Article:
It took time, 2-3 summers in fact, but eventually the constant pulling seemed to exhaust the individual plants and they eventually disappeared. We’re hoping for the same result with these weeds. Worst case may be controlling rather than eradicating them altogether.

Interestingly enough, the lawn grass of our neighbors to our north and south is easily the most relentless invader, spreading by rhizomes, relentlessly trying to invade our mulched border. Several times a year we cut a groove into the line between our mulch and their grass, pulling up the grass that’s trying to get established in our mulch. It’s relatively easy work, but absolutely necessary in order to avoid being overrun.

As we put in new plantings we were always careful to pull back the mulch until we had dug down to the clay layer so that we could add actual soil before setting the new plants in place.

In many spots the cardboard hadn’t disintegrated yet, although there were a couple of areas where it was mostly gone. Presumably, in another year or two, it will be gone.

Digging down 8-10″ past the mulch layer to expose the original clay soil:

While putting in the new plants, we also saw evidence of white mycelium developing just below the surface of the mulch, along with plenty of earthworm, spider, and insect activity. All hopeful signs for the future health of our yard.

Apart from the decorative stone throughout the yard, the shrubs, ornamental grasses, and sunflowers are the basis of our structural layer (in visual terms) up to this point.

Later in the summer a couple varieties of basil pretty much took over the top of the hügel. To the left, a tuft of new leafy growth is visible on the fruit tree. In the background, near the house and downspout, the first year of growth on the Helenium ‘Dancing Flames‘ and the beginnings of a rain garden are visible, even though at this stage it’s still mostly just stone slowing down the water in this area.

A view of this same area, but from inside the house:

Erosion in the mulch layer is clearly evident in the many tiny gullies formed as water moved away from the downspout. Nevertheless, the stone and plants are in place to at least establish the beginnings of a rain garden.

During construction, when the ground was pretty much bare, our sump pump ran almost continuously during every rainstorm. With a heavy layer of mulch and the rudimentary beginnings of a rain garden at the mouth of every downspout, the sump pump ran noticeably less often, even during the heaviest of storms (in one case, 3″ in about an hour).

View from the south-west corner of the house: shrubs and grasses, just off the kitchen door, slowly getting established; the hügel and plantings in the backyard taking shape.

From left to right: four privets, Karl Foerster feather reed grass, Shasta viburnum, more grass, and then a crabapple barely in view.

In just a couple of years the privets and the viburnum will completely dwarf the grasses.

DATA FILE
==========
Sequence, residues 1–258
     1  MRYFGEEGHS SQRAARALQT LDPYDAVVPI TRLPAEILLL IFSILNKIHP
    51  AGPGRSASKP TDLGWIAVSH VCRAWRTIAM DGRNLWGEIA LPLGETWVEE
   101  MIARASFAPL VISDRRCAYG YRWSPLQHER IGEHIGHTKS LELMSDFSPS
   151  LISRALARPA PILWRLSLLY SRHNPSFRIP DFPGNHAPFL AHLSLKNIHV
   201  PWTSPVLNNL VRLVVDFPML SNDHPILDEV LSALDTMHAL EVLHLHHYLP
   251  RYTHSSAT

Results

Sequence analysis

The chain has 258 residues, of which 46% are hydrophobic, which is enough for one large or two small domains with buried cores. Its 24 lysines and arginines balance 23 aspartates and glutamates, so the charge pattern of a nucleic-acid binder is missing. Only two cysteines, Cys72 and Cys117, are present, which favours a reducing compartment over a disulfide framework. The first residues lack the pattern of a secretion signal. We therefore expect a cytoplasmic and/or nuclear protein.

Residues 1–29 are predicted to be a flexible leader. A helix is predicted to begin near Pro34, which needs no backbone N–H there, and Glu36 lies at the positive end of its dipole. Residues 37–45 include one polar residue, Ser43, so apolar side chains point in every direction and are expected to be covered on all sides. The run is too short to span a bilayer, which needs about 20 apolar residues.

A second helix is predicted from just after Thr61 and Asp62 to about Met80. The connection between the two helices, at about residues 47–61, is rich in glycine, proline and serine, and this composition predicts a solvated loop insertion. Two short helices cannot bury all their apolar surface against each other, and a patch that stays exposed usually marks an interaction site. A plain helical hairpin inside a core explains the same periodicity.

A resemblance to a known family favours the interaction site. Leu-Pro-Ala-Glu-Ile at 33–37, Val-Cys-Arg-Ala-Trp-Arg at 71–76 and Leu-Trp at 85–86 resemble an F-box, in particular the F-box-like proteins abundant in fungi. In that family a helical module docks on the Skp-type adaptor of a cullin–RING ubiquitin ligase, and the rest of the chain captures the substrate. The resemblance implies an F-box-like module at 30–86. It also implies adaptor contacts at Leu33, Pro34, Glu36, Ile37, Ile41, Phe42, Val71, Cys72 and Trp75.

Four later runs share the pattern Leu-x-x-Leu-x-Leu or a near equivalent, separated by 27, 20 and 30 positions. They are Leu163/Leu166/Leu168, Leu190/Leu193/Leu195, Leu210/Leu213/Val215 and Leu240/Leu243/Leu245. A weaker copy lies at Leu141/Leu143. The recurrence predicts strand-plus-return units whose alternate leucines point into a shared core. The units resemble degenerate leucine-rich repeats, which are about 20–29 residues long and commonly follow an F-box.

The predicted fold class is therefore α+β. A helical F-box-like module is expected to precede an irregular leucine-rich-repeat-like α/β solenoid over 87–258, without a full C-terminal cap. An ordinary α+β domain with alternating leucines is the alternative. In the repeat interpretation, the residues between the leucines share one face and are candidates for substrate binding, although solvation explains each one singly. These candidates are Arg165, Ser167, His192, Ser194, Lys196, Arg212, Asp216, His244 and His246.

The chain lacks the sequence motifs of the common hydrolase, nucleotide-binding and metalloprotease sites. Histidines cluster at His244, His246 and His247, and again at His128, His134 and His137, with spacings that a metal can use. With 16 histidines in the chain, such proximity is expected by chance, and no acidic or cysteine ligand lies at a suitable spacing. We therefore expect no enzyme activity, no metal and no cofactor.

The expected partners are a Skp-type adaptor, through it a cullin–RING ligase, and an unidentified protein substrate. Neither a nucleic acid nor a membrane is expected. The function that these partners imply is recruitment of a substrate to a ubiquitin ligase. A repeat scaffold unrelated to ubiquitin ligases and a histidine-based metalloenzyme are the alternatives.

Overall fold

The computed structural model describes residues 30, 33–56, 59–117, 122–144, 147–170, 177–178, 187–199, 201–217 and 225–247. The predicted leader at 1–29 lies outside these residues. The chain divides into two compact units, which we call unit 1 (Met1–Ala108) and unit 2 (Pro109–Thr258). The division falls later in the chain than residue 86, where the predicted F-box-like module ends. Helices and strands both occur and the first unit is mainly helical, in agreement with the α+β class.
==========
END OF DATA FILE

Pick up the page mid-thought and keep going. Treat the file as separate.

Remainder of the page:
Another view of the backyard, this time from the far, south-west corner. In the foreground is a mix of perennials (flowers and grasses), beyond them is the hügel, and then, running along the southern edge of our property, the series of shrubs that one day should grow together into a living fence.

In the front, many of the perennials, especially the grasses, have enjoyed decent growth, and even the shrubs have leafed out well and taken on some new height. The area just behind the pile of stones was used extensively during construction as a staging area for building components, thus suffering a lot of abuse.

The soil in this area has compacted, and it’s been a struggle to grow much of anything so far.

To help this area recover we’ll try mostly a green manure mix, and then transition eventually to mostly flowers in order to add more color to the front yard.

Post-construction, this area has continued to be a staging area for materials, including gravel, decorative stone, topsoil and mushroom compost, and, of course, many yards of mulch.

If we can loosen the compaction in this area sufficiently, we could probably even sneak in at least three more fruit tree guilds.

First Harvest

In our first full season of growing we’ve had some nice development, although much of what we’ve planted is nowhere near maturity, remaining undersized and often wispy in appearance. This is to be expected so early in the process. The main goal, so far, has been to establish a base; both in terms of visual weight and in the long-term sense of function.

Even in the photo above, the rough outlines are present. For example, out at the culvert a series of plants are in place to absorb heavy rain events while also being resilient enough to survive periods of extended drought. The goal is to avoid having to water anything that far away from the house. Apart from last year, when the first plants went in, we’ve been able to let things flourish on their own. The thick layer of mulch does wonders in this regard.

They’re hard to see at this stage, but there are also apple trees, strawberries, and some blueberries planted in amongst the shrubs and perennials. They’re all just getting started.

Even though it’s early days for the yard, we’ve still managed to garner a decent harvest this first summer. From the backyard we’ve enjoyed a fair number of tomatoes, peppers, and basil. From the front, it was exclusively lavender and some peppermint.

Lavender we’ll use in satchels to go next to pillows or inside drawers for aromatherapy:

During our first full growing season we also managed to bring in our first flower cuttings, including two plants that have been a mainstay for us since our last house: agastache ‘Ava’, one of the more durable and long blooming flowers in our yard (loved by pollinators and hummingbirds alike); and Russian sage, an equally impressive magnet for pollinators. Also, one of our favorite perennial ornamental grasses, Palm Sedge, which helps to fill out and add texture to a bouquet.